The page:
As I speak to our global customers, all are laser-focused on hybrid work as one of the most critical—and challenging—business transitions of our time.

Michael Okrent’s picture

By: Michael Okrent

Want a new car? You may have to wait as long as six months, depending on the model you order. Looking for a spicy condiment? Supplies of sriracha hot sauce have been running dangerously low. And if you feed your cat or dog dry pet food, expect empty shelves or elevated prices.

Mark Rosenthal’s picture

By: Mark Rosenthal

Once again I’m going through old files. Looking back at my notes from 2005, I believe I was thinking about nailing these points to a church door somewhere in the company. That actually isn’t a bad analogy because I was advocating a pretty dramatic shift in the role of the kaizen workshop leaders.

This was written four years before I first encountered the book Toyota Kata (McGraw-Hill, 2009) and reflected on my experience as a lean director operating within a $2 billion slice of a global manufacturing company. What reading Toyota Kata did for me was to solidify what I wrote below and provide a structure for actually doing it.

Kaizen events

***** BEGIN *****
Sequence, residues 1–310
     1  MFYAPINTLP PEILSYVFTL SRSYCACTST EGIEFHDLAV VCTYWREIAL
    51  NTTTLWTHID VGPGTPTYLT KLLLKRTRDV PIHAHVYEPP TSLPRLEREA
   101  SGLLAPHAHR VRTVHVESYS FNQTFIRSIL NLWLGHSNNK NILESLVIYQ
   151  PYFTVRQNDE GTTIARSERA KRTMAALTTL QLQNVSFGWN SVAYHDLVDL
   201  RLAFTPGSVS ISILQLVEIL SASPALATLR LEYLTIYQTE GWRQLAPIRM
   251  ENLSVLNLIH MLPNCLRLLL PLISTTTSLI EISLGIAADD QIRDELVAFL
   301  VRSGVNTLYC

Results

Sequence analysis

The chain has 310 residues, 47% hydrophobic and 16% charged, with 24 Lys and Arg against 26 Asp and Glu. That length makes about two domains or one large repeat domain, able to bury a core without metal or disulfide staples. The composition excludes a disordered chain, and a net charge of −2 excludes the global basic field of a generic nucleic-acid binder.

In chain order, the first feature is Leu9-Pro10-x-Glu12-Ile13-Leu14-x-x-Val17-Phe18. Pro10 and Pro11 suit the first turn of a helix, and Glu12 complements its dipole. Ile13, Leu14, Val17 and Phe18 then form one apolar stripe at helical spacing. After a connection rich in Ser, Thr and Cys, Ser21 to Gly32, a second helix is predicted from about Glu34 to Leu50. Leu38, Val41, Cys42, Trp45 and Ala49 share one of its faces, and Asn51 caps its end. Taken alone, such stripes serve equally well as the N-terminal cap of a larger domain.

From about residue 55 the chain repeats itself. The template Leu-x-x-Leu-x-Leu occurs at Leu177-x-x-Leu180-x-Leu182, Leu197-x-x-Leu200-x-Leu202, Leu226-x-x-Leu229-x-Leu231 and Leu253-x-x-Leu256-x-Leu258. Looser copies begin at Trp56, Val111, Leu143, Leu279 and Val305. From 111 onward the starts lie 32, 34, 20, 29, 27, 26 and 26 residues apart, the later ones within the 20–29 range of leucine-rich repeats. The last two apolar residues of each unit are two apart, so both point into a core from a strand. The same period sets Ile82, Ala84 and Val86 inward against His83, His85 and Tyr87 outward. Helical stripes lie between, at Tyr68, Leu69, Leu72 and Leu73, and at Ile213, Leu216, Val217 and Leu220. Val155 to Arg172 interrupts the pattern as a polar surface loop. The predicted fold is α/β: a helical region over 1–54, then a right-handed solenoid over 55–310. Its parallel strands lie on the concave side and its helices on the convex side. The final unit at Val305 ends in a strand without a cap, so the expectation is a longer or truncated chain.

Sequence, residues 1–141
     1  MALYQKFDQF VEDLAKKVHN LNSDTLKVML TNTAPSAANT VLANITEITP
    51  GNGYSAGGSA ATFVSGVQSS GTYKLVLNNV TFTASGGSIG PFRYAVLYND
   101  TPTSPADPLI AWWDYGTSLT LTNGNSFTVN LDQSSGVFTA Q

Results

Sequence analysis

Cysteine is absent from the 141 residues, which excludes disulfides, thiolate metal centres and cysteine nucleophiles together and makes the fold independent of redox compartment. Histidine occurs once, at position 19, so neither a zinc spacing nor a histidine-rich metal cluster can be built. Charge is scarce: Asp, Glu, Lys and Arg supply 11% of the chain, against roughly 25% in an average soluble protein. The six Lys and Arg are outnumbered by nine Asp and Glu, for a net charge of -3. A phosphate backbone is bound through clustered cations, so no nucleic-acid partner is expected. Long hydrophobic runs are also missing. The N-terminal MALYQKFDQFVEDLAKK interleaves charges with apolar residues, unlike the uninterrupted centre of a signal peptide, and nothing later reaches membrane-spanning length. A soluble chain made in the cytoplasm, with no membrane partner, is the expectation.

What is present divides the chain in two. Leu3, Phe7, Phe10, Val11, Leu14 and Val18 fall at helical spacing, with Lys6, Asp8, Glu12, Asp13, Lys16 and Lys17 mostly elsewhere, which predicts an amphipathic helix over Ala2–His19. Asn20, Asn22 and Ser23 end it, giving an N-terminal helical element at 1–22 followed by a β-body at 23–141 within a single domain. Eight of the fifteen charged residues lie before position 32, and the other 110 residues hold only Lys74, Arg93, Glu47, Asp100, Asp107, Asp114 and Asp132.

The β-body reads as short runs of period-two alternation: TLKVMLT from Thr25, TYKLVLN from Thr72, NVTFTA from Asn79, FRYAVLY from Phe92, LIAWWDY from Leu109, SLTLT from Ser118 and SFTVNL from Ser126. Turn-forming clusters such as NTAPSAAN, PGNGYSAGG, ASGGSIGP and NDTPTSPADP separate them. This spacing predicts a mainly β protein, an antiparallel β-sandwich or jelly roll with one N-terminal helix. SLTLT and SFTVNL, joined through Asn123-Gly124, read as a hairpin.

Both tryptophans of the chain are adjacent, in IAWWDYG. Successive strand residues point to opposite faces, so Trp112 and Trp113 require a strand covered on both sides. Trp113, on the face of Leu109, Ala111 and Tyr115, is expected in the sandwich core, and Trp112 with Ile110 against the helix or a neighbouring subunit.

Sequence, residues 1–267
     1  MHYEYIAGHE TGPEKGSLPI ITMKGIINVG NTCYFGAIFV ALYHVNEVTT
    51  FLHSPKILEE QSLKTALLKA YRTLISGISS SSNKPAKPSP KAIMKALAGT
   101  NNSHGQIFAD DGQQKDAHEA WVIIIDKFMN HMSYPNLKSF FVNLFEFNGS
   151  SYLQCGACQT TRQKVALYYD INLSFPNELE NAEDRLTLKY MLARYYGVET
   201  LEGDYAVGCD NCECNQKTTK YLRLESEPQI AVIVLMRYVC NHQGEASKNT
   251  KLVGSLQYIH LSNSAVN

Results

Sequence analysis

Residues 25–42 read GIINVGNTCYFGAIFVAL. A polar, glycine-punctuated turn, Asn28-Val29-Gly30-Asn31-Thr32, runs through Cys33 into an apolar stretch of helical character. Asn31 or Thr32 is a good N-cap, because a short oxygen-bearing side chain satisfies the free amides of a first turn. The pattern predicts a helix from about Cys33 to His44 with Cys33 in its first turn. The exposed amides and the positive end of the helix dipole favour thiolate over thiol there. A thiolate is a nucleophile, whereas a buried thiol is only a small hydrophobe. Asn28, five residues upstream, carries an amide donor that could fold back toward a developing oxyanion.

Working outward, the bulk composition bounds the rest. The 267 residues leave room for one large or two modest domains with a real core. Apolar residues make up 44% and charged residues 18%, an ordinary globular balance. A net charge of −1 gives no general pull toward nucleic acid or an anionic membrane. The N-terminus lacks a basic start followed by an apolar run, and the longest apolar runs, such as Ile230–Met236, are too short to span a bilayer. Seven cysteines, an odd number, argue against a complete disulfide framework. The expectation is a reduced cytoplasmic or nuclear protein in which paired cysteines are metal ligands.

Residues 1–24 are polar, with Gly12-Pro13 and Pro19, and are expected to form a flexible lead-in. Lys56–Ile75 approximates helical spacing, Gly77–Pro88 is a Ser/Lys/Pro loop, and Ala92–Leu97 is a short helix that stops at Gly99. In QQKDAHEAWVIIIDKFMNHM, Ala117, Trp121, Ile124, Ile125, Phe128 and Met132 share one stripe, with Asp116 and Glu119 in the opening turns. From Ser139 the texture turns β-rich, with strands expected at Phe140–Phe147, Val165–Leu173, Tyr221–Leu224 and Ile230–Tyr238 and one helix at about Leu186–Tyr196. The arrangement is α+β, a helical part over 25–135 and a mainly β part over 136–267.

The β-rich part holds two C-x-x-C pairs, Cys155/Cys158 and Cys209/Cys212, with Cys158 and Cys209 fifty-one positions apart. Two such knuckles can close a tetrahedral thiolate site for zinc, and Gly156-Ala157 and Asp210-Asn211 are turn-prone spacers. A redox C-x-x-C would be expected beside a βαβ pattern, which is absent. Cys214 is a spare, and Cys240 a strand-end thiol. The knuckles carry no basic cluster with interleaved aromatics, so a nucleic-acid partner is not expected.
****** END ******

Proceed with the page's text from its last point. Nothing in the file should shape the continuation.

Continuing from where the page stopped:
Kaizen events (or whatever we want to call the traditional weeklong activity) can be a useful tool when used in the context of an overall plan, but they are neither necessary nor sufficient to implement our operating system.

There are times when any specific tool is appropriate. There are no universal tools, kaizen tools included.

Multiple Authors
By: Mara Strenger, Svenja Kloss, Markus Schmid

When looking in the fridge, you notice a package of minced meat sitting at the back of one of the shelves, totally forgotten. A check of the best-before date reveals it had expired two days earlier. Like so many consumers, you feel an internal struggle emerging: risk food poisoning or discard a potentially safe product? One possible solution for this conundrum could be “intelligent packaging.”

Intelligent packaging monitors the condition of the food or the environment surrounding the packaged food. Standard packaging plays one or more of four roles: protection, communication, convenience and containment.

Protection can be regarded as the most important function, as it can influence whether the food ends up as waste. Intelligent packaging can fulfill the four main functions and can also provide information about the condition and freshness of the food.

Adam Grant’s picture

By: Adam Grant

Even before the pandemic, burnout was labeled as an epidemic. It’s the persistent work-related stress that’s exhausting and impairing. In the U.S., more than half of employees feel burned out at least some of the time, and it can lead to what has recently been termed “quiet quitting”—reduced engagement that manifests in apathy and disconnection.